By J Hutcherson - WASHINGTON, DC (Feb 8, 2012) US Soccer Players -- I was in 8th grade in the Fall of 1989, a time when neon was about to give way to plaid and skater haircuts were close to turning into anything that wasn't a skater haircut. This was also an era when professional soccer was still working to reestablish itself as an American sport, so keep that in mind while reading the story I'm about to tell you.
Once upon a time… hey, it might as well start that way. Gym class, the brief section on soccer. Step one, explain to everybody that even though you can blast the ball by kicking it with the toe of your foot, that's not how the game is played. Step two, going through the basics. Both of these were reminders, stuff we'd covered the year before (the don't toe the ball part - conducted by having us line up and blast the ball at a gym wall with the orders to 'kick it as hard as you can') and elementary school (nobody should be pretending the basic rules were a mystery to kids even in the late 80's). Step three, show a video explaining basic moves.
Step three was new, and it's the one I still remember whenever anybody talks about soccer education in the United States. Particularly, one scene. Picture, if you will, a high school soccer player taking on another high school soccer player. The narration explains that we're about to learn what a feint is, with the player in possession of the ball widely maneuvering it around a defender that might as well have been made of stone. The quick takeaway was simple. Unlike say basketball, a sport everyone in the class had seen at every level all the way up to the pros, soccer allowed a ton of space to operate.
At least one hand shot up, not mine. The question was obvious. "Is the defender allowed to move?" The P.E. teacher begrudgingly paused the video, thought about it for a half second too long, and said yes. Back to the video, that thought we needed to see this display of athletic prowess slowed down and then slowed even further with music added. Another hand, still not mine. "If the other player can move, why doesn't he?" Pause the video again, another delayed response. "It's a demonstration." Back to the video.
Over what couldn't have been more than half an hour because the class was 45 minutes, we saw the world's greatest high school soccer player. Scratch that, the world's greatest soccer player. I mean he had to be, right? His moves froze one defender after the other, even if they took five feet to pull off. I have a clear memory of him beguiling multiple players with a tricky display of prowess that consisted of him stepping to his left with the ball and then pushing it forward.
I need to make two things clear. Though I'm playing it up a bit, this is a true story. And, there were future varsity high school soccer players in the class that might not have been laughing along as loudly with the rest of us, but they also weren't offering up any objections. Why not became obvious when we took it outside.
As expected, the more athletic students in the gym class managed to keep possession and avoid tackles by simply being faster than everyone else. It was gym class basketball all over again, and flag football before that. None of these newly discovered masters of the game would end up with a soccer pin on their varsity jackets, forsaking it for the sports that brought high school glory.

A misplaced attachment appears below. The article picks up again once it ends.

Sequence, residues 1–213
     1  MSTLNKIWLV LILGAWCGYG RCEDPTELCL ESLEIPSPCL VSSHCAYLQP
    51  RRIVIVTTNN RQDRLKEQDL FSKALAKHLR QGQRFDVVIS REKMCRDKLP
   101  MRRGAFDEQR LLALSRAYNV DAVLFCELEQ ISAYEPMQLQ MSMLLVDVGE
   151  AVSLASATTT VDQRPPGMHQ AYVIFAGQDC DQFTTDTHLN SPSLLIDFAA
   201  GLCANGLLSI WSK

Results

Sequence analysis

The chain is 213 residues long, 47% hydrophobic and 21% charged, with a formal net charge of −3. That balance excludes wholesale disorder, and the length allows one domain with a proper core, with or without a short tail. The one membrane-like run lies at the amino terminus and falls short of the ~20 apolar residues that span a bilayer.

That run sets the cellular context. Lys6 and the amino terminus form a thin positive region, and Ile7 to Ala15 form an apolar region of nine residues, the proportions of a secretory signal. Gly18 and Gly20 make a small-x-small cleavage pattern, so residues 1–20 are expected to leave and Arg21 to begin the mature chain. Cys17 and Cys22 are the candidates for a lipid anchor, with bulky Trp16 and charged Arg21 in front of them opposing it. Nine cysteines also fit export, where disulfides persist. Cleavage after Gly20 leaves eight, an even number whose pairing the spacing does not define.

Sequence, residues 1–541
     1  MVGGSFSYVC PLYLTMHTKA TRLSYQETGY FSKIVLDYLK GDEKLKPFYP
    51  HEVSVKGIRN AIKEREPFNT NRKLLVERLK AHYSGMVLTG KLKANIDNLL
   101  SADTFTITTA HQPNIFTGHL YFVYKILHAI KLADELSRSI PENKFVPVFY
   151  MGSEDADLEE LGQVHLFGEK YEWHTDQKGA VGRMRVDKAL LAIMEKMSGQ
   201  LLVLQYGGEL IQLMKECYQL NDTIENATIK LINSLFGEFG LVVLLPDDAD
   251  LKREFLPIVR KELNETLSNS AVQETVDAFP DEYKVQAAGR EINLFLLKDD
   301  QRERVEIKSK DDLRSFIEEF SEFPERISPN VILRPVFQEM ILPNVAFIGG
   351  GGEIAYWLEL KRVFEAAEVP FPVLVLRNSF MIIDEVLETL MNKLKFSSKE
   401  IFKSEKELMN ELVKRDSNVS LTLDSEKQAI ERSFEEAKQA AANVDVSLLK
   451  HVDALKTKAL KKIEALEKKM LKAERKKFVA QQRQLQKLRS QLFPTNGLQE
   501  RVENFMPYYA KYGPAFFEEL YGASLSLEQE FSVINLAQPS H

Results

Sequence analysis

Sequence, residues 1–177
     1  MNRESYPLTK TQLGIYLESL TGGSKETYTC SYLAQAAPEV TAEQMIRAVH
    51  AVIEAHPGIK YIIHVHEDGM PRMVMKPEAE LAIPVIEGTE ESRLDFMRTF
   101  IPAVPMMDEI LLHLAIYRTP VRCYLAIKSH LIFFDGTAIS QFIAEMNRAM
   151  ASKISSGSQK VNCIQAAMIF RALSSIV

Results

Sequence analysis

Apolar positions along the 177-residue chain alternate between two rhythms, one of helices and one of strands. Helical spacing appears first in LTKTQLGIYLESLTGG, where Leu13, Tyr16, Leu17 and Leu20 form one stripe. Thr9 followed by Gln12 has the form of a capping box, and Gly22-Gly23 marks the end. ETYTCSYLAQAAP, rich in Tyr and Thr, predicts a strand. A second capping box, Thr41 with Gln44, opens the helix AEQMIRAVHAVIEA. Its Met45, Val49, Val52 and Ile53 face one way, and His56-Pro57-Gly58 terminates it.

My granddad, who died a couple of months ago just short of his 92nd birthday, told me a similar story about gym class soccer when he was in school. He was an athlete. There's a newspaper story on him describing how he drug multiple players - and fortunately the ball - over the goal-line in a high school football game. The title of the article in a bit of old school sportswriter exuberance refers to him as "Man Mountain," a nickname I unfortunately didn't inherit. He told me he was good at soccer because he could kick the ball forward and beat all the other kids to it. Hey, Major League Soccer careers have been built on less.
Still, even back in my gym class days there was the feeling that something was missing. We didn't get to see some long forgotten North American Soccer League highlight film. Nobody mentioned the World Cup, much less the names of big European clubs. It would be months before I saw my first English soccer highlights on late night television. Years before I saw a professional game in person.
I'm telling you this story for a couple of reasons. Things have changed. Basic soccer education stepped up. Coaching education became a priority. The youth club model spread. Even a few years later, the loudest laughs in that gym class would've been from youth soccer players who knew better, hopefully joined by a P.E. teacher that did too.
Then there's the accessibility of the professional game. Highlight shows to tape delayed games to live games, available even on over-air television. Pro soccer not just as an occasional distraction, but a professional sport with an American identity followed just like any other. There are people who never played the game at a competitive level who can discuss why a player shouldn't be a left midfielder and what's going wrong with the choices at (insert name of whatever foreign club you want here). There are US players showing that this game can take you from the middle of nowhere rural America (where that story I told you took place) to the highest pro levels.
Yet all involved in the American game realize there's still so much more to do.
Comments, questions, solutions to problems that have yet to present themselves. Please, tell me all about it.
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